I0427 14:32:07.981422  3730 options.cpp:61] Verbose logging enabled by config option
I0427 14:32:08.085734  3730 syslog.cpp:97] Successfully opened pipe for syslog ingestion: /var/osquery/syslog_pipe
I0427 14:32:08.101172  3730 file_events.cpp:68] Added file event listener to: /etc/**
....................
I0427 14:32:08.101784  3730 audit.cpp:226] Adding audit rule: syscall=59 action=2 filter=''
....................
I0427 14:32:08.278990  3737 events.cpp:749] Starting event publisher run loop: syslog
I0427 14:32:08.279242  3736 events.cpp:749] Starting event publisher run loop: inotify
I0427 14:32:08.279353  3735 events.cpp:749] Starting event publisher run loop: audit

osquery>

Now query the syslog table.

osqueryi> select * from syslog;

The above query will display the syslogs consumed by osquery through the named pipe /var/osquery/syslog_pipe

4. Threat detection and DFIR through OSQUERYi

In this section, we will explore few basic security checks through osquery interactive shell.

a) Run the following query to find who are the logged in users in the system now.

osquery> select * from logged_in_users ;

b) Find all the previous logins

osquery> select * from last ;

c) To find the firewall rules, run the following query. If the following query does not produce any output that means the firewall is not configured.

osquery> select * from iptables ;

d) To find all the jobs scheduled by crontab, run the following query. With this query, you can find if there is any malware that has been scheduled to run at specific interval.

osquery> select command, path from crontab ;

e) Find the files that are setuid-enabled. By default few files are setuid-enabled in Ubuntu 16 but apart from these, what are the other files that are setuid-enabled. This will help to detect backdoor binaries.

osquery> select * from suid_bin ;

f) Find the list of loaded kernel modules.

osquery> select name, used_by, status from kernel_modules where status="Live" ;

g) Find all the listening ports to check if there is any backdoor to the system. If there is any open port that you have not configured then you might need to examine the process that opened this port.

osquery> select * from listening_ports ;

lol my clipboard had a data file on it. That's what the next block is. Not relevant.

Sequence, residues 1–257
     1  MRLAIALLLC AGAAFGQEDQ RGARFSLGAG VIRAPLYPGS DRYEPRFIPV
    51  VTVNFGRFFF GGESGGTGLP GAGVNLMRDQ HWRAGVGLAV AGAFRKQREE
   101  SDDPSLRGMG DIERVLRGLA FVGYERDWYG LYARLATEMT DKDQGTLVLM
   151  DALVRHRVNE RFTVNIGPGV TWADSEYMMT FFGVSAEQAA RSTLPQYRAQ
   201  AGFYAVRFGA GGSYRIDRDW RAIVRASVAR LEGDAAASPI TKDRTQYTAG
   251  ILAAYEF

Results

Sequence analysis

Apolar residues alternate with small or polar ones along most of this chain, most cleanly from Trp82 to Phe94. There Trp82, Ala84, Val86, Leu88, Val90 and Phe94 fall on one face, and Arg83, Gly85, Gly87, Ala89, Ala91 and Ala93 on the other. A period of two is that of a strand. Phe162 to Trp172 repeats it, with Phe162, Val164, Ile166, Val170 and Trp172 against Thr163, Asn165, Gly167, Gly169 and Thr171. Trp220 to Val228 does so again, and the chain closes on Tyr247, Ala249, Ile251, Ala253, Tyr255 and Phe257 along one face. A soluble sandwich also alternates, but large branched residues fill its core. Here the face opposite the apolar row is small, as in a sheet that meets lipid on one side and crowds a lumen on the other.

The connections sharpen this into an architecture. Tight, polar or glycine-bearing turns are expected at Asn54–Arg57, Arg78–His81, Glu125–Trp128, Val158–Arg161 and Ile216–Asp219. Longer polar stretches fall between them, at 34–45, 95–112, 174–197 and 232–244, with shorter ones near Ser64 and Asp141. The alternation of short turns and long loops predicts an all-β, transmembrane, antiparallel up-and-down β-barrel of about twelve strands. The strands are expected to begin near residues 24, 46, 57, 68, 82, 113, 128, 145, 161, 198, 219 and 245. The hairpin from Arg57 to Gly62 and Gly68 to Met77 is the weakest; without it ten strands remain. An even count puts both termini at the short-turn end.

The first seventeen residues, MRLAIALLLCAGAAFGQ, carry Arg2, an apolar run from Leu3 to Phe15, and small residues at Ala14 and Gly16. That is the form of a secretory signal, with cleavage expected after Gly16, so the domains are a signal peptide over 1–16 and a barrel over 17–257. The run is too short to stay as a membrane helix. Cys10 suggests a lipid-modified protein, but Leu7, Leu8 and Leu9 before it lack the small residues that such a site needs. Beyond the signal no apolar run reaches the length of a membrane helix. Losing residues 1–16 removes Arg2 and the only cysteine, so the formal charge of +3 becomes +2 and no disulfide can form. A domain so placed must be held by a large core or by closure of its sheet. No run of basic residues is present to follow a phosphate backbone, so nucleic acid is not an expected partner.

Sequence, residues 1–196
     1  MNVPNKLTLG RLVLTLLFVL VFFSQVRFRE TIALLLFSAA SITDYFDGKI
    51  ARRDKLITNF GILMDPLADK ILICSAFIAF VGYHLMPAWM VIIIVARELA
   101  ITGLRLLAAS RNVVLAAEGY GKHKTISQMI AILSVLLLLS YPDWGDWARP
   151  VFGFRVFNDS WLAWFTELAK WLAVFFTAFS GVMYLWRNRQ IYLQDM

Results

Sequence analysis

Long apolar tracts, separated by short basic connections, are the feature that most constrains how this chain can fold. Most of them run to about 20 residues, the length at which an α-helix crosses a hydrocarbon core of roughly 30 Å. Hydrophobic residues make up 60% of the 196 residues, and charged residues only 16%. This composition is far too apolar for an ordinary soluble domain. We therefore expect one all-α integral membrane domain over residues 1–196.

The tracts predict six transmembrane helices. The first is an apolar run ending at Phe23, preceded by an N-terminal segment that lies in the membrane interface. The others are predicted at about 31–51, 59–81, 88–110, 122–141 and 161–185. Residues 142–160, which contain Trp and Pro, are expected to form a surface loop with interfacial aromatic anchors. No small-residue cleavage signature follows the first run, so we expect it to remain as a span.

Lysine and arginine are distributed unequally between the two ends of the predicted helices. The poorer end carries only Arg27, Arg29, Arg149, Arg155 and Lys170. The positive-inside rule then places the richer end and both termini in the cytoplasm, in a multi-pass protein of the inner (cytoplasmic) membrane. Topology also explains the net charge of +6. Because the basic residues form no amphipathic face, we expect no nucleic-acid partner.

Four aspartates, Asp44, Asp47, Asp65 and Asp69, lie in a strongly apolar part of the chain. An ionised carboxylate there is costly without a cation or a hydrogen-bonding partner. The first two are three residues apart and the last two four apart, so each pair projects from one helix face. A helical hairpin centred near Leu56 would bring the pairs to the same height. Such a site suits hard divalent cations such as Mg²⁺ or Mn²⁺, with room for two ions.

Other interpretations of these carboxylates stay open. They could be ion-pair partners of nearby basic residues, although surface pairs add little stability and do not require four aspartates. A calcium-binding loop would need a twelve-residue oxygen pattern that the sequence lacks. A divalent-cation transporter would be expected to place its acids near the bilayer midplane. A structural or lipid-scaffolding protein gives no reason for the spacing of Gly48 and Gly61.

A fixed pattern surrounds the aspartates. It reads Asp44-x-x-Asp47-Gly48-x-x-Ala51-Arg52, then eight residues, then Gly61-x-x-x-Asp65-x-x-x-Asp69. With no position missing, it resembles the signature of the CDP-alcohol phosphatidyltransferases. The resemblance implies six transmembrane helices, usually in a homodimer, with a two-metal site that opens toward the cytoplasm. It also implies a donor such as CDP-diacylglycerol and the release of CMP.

h) Find the file activity in the server along with the user responsible for by running the following query.

osquery> select * from  file_events ;

i) Find the top 10 largest processes by resident memory size.

osquery> select pid, name, uid, resident_size from processes order by resident_size desc limit 10;

j) Find all the running processes.

osquery> select * from processes;

k) Find the process count, name for the top 10 most active processes.

osquery> select count(pid) as total, name from processes group by name order by total desc limit 10;

l) Generally, Malware will listen to the ports and forwards reverse shell to the attacker. Run the following query and find the differences with any previous known safe state of your system.

osquery> SELECT DISTINCT process.name, listening.port, listening.address, process.pid FROM processes AS process JOIN listening_ports AS listening ON process.pid = listening.pid;

m) Often attacker will delete the malicious binary file after running it in the system. To find such processes execute the following query.

osquery>  SELECT name, path, pid FROM processes WHERE on_disk = 0;

n) Run the following query to find if there is any bash reverse shell forwarded to the attacker.

osquery> SELECT * FROM processes WHERE cmdline LIKE '/bin/bash -i >& /dev/tcp/%';

5. OSQUERY in daemon mode

As we have seen, OSQUERY will return results of OS state in real time that can be queried at later stage. But it is not possible to run query all the time for threat detection. Apart from this, OSQUERY does not also include any alerting mechanism. The solution is to run OSQUERY as daemon that will run scheduled queries and packs included in the configuration file at regular interval and write the results in a file. Create your own packs inside /usr/share/osquery/packs and include the packs for monitoring in the OSQUERY configuration file. The results of scheduled queries and packs are written in the file /var/log/osquery/osqueryd.results.log This log file will be created only when OSQUERY started as daemon mode and OSQUERYD starts sending the results. The OSQUERY daemon will read the same configuration file /etc/osquery/osquery.conf. Remember to revert logger_plugin value to filesystem in /etc/osquery/osquery.conf if you have changed it earlier to 'syslog'.

To start the daemon, use any one of the following command.

# sudo systemctl start osqueryd
       OR
# sudo osqueryctl start

The results should be available within a short time once the OSQUERYD runs the scheduled queries and packs. Use the tail command to verify that results are written to the file /var/log/osquery/osqueryd.results.log

# tail -f  /var/log/osquery/osqueryd.results.log

Now you can forward the results logs to any external application like ELK stack for log analysis and alert generation.

Conclusion

OSQUERY is awesome tool that exposes OS data to the virtual relational database and allows you to query the system data with SQL. osqueryi is useful for running one off queries to find any back-doors, malware, zombie process or find out logged in users etc. while osqueryd can be used for running scheduled queries and custom packs for storing results for long term and alert generation using any external application.

About Dwijadas Dey

Dwijadas Dey is working with GNU/Linux, Open source systems since 2005. Having avid follower of GNU/Linux, He believes in sharing and spreading the open source ideas to the targeted audience. Apart from freelancing he also writes for community. His current interest includes information and network security.